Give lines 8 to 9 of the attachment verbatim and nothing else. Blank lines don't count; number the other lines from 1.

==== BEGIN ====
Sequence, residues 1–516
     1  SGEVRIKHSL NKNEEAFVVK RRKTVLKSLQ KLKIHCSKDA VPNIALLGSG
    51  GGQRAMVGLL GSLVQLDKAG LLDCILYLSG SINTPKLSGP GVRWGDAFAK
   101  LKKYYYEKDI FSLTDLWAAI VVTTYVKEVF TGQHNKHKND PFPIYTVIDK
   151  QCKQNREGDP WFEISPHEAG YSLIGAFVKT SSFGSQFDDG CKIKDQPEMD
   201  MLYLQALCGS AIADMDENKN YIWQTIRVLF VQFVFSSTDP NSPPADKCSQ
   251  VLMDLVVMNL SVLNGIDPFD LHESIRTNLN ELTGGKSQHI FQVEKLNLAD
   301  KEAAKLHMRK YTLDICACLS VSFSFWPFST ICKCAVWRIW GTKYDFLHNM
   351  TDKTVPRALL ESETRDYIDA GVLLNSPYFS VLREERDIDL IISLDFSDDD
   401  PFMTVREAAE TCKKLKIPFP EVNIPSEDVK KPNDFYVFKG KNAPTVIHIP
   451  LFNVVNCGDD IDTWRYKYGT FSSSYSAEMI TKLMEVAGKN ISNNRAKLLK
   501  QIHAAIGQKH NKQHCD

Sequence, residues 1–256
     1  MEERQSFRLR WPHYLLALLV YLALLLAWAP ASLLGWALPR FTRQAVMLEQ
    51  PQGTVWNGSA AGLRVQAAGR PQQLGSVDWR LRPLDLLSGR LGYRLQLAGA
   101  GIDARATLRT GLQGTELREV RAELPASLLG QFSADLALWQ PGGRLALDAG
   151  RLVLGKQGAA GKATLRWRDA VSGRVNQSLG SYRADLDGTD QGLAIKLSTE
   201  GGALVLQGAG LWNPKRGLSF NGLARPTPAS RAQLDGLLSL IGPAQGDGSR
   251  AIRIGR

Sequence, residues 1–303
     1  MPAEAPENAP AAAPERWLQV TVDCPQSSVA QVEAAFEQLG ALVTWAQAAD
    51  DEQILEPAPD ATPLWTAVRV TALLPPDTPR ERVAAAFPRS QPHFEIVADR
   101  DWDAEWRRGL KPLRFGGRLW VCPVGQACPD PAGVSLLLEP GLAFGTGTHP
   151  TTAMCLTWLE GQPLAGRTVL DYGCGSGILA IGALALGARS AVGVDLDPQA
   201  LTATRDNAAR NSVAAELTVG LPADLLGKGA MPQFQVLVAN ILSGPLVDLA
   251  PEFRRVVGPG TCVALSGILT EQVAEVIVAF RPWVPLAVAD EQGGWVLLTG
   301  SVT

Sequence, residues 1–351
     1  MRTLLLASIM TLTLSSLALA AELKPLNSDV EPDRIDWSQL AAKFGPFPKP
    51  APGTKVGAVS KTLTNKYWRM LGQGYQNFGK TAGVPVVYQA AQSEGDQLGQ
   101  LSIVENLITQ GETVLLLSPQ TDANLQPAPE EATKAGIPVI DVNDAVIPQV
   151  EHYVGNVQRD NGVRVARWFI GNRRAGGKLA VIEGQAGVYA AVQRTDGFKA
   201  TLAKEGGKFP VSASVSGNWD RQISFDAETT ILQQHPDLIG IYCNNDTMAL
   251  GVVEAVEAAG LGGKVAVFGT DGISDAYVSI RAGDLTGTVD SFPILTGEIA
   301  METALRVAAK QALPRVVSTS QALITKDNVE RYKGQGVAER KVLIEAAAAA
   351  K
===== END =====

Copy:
   301  KEAAKLHMRK YTLDICACLS VSFSFWPFST ICKCAVWRIW GTKYDFLHNM
   351  TDKTVPRALL ESETRDYIDA GVLLNSPYFS VLREERDIDL IISLDFSDDD